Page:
U-M team receives $12.6 million for comparative effectiveness studies of chronic back pain interventions
An interdisciplinary team of U-M researchers from the Michigan Medicine Chronic Pain and Fatigue Research Center and other departments, led by co-principal investigators Daniel Clauw of the departments of Anesthesiology, Internal Medicine and Psychiatry and Afton Hassett of the Department of Anesthesiology, have received a U19 grant of more than $12.6 million to fund the University of Michigan Mechanistic Research Center, as part of the broader Back Pain Consortium Research Program (BACPAC). The center will take patients with chronic low back pain and use a patient-centric, SMART design study to follow these individuals longitudinally as they try several different evidence-based therapies while mechanistic studies are overlaid to draw crucial inferences about what treatments will work in what patient endotypes. About 80% of adults experience low back pain at some point in their lives, while low-back pain being the most common cause of job-related disability.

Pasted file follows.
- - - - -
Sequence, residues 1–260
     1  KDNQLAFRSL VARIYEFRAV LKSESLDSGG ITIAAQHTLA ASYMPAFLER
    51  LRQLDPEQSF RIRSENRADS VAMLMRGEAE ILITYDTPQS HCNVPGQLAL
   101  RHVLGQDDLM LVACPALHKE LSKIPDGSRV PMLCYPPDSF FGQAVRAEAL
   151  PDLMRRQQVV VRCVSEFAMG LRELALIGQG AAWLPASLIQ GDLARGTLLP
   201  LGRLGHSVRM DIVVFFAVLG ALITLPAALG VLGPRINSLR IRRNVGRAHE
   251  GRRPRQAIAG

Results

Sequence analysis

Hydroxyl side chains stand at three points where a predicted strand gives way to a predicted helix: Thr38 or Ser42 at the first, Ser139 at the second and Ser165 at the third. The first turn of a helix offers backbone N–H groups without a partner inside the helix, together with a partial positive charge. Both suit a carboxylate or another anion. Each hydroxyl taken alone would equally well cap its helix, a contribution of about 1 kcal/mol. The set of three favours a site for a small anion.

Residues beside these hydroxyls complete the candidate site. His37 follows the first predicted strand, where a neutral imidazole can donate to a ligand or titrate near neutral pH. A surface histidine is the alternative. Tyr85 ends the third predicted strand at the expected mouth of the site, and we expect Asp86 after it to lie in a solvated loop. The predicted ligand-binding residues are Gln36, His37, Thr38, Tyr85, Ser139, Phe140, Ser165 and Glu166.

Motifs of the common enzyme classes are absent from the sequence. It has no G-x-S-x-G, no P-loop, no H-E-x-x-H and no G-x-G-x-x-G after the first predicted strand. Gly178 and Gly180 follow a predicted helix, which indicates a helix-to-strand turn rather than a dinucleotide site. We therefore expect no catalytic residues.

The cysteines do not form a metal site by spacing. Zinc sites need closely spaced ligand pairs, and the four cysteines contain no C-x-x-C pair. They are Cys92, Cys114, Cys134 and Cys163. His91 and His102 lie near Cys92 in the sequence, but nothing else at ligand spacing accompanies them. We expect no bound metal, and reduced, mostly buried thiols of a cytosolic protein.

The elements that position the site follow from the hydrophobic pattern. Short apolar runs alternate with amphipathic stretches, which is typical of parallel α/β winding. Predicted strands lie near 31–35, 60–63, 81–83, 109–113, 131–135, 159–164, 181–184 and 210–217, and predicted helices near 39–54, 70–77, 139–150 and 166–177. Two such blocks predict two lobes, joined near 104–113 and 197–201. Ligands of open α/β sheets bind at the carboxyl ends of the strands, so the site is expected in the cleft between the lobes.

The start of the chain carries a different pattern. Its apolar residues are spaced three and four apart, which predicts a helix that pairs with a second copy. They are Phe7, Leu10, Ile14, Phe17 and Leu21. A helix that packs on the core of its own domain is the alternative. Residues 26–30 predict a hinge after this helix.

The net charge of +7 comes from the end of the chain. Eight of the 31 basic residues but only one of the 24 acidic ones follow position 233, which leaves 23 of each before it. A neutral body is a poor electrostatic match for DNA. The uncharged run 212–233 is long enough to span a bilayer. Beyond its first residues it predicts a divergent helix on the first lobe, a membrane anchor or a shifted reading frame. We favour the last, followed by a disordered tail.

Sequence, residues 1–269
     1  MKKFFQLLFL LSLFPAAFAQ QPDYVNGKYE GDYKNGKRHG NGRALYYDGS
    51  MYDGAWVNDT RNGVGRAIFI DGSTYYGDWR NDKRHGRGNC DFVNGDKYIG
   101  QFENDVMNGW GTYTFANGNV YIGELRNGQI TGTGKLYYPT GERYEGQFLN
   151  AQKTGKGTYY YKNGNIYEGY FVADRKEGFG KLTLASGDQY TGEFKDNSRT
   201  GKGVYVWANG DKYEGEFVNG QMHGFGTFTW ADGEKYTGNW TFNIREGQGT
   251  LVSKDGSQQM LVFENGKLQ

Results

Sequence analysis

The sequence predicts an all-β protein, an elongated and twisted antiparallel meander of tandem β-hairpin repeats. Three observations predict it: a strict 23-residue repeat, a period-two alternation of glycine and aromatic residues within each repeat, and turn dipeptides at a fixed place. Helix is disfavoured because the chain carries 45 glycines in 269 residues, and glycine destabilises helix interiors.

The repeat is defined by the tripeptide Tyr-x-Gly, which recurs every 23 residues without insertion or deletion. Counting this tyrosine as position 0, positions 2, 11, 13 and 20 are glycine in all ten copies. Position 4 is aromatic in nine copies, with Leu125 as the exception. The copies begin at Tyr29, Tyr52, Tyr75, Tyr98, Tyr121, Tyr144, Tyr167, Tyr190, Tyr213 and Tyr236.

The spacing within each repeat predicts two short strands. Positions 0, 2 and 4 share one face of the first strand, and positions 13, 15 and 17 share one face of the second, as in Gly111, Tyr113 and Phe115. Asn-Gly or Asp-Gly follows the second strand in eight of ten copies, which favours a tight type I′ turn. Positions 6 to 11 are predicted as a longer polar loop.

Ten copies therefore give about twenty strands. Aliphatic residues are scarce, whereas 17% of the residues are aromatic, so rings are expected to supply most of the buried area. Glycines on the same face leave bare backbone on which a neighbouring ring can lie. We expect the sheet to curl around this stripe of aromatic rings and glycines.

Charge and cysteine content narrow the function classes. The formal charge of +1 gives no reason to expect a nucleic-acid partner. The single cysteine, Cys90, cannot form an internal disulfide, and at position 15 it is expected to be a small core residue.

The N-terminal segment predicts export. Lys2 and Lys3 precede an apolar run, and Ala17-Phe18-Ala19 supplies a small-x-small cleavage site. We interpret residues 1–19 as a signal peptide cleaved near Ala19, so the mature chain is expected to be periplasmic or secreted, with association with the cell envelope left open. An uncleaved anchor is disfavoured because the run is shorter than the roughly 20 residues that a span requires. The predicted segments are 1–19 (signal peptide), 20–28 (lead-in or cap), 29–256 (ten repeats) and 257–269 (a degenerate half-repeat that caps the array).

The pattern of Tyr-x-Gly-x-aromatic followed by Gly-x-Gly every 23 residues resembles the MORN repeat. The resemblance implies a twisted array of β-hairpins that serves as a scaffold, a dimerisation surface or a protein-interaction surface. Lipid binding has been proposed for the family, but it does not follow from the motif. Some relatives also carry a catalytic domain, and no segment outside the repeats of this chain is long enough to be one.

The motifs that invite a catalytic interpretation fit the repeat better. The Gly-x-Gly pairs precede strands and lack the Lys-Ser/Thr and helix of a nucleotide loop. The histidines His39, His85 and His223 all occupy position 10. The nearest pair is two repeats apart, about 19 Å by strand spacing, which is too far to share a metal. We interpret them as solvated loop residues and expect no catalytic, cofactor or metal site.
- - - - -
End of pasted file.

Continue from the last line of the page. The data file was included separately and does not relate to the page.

“We are looking for solutions outside of opioids,” Hassett said. “These funds are a dream come true because they give us the opportunity to, in a really objective manner, look at the most commonly recommended interventions for patients and truly understand who they work for and how they are working.”
The U-M Center will share data from their patient populations with other members of the consortium, using advanced data mining techniques to develop more personalized interventions for chronic pain.